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Pass it on...

Hari Kunzru's novel, "Transmission" launched last week, is the story of passing on of cultures. ANJANA RAJAN speaks to the author.


INDIAN CULTURE has the possibility to pop up anywhere, like a virus. Who else could get away with this kind of statement but Hari Kunzru? Not merely because "Transmission", his latest novel, released in New Delhi by Penguin this Wednesday, traces the trail of terror and destruction caused by a virus let loose on the cyber world by a desperate Indian IT professional in California. But also because as a person of Indian origin born and brought up in the U.K. with family across the world and experience of living in India and countries of the West, he has had ample opportunity to watch the transmission of elements of Indian culture across the continents - though not always with such devastating consequences as his protagonist's virus in the latest work.

The kind of networking that unites Indians across the globe via the Internet, with email, online chatting and websites offering every facet of hometown life, from temple pujas to the latest Bollywood hits, justifies Kunzru's statement that "Transmission" "is about how culture has untied itself from place." But in this networked universe, "anything can happen and anything will," as the catchline of the novel goes. And "anything" may not always be a good thing. That provides us with enough suspense to read through the book, laced with a humorous irony that takes in its benevolent sweep the sleaze of Bollywood, the grimy reality and frequent "meatiness" of what hopeful Indians see as the good life in the U.S., and finally, the North Indian upwardly mobile masses in their high-rise flats. All part of the contemporary urban images stored up in his mind, a mind that can understand - like other Asian Britons who keep in touch with India - the thought processes of both cultures.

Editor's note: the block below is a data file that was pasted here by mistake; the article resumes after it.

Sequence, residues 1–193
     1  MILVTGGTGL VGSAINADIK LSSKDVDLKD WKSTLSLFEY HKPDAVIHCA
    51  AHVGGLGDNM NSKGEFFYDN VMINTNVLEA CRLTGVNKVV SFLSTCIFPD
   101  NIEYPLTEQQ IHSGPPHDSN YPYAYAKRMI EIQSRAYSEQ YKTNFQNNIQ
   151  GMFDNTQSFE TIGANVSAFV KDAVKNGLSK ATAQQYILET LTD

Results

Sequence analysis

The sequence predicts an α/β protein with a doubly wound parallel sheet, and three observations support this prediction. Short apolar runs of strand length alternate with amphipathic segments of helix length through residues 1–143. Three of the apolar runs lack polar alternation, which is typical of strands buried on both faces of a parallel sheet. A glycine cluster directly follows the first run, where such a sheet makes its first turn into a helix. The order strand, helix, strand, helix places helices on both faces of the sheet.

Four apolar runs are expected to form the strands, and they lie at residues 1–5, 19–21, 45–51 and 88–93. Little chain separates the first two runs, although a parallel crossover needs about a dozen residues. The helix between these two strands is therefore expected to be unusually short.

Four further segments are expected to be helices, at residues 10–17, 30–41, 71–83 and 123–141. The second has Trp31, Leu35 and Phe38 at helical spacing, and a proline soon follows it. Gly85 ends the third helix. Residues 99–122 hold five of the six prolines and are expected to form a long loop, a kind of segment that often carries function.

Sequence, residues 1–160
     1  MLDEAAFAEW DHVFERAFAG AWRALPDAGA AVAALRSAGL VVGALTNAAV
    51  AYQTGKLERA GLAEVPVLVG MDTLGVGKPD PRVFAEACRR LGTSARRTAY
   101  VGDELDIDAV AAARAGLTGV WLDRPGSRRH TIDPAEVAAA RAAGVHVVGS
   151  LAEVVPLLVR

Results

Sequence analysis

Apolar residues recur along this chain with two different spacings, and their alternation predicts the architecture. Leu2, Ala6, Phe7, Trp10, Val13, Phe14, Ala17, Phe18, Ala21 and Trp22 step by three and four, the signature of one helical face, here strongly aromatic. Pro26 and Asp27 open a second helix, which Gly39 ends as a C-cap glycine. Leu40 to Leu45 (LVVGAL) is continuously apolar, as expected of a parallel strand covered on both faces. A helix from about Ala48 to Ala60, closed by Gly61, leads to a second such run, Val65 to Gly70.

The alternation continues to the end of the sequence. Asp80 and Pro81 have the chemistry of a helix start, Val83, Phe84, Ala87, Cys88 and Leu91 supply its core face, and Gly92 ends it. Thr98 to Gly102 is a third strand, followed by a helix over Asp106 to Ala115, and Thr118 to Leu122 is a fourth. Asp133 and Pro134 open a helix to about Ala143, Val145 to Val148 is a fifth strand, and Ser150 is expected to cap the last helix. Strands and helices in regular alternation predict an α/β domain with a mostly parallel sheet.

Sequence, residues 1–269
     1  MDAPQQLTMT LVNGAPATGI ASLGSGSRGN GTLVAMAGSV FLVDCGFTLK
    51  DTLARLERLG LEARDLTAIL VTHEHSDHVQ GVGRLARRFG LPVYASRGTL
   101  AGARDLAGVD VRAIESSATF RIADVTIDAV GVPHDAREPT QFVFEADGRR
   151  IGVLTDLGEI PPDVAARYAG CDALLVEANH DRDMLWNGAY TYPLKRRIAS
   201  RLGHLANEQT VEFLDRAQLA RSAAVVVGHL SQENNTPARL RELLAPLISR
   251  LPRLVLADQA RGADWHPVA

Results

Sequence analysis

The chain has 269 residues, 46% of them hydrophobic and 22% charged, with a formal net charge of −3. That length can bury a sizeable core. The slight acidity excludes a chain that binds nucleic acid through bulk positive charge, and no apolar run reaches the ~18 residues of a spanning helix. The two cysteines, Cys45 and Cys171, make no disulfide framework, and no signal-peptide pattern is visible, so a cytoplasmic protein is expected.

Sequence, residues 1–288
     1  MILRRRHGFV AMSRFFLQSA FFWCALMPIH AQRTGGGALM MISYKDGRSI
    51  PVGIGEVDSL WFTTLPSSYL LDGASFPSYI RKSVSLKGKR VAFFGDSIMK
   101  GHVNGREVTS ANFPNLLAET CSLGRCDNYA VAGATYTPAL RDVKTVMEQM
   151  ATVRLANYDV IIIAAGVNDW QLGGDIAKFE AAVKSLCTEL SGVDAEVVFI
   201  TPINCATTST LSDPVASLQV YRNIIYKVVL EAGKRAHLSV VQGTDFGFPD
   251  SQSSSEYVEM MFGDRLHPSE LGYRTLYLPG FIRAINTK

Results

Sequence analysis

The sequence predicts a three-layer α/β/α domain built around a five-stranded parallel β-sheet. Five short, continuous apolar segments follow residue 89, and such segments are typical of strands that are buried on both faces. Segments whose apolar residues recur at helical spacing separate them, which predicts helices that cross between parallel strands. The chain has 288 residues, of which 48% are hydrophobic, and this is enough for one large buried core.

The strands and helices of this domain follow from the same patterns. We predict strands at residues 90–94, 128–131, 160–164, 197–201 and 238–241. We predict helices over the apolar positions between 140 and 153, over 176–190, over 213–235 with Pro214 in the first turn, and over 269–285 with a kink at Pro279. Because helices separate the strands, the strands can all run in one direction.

His British Asian identity is not much of an issue with Kunzru, who grew up in London and studied at Oxford. While he sees two parallel streams in Britain - those who increasingly accept the amalgam of cultures that make up the country and those growing insular, especially after 9/11 - he says, "Even in my most pessimistic moments I know it's a lot different from the `70s." But for the author of "The Impressionist", his acclaimed first novel, and numerous articles in journals and newspapers, "the real breakthrough" would be "when writers like us are allowed to write about anything and not have to write about race, when we can write as British rather than Asian writers."

His next novel will perhaps throw out that challenge, he says. What is it about? "I started off lying to people that it's a science fiction novel, or a romantic novel, but then I thought it's unfair to lie to people," he says with a sweet smile. We will have to wait for that. But meanwhile there are other things to look forward to. A film on "The Impressionist" by Mira Nair - "a director I admire" - and perhaps a film of "Transmission" too.

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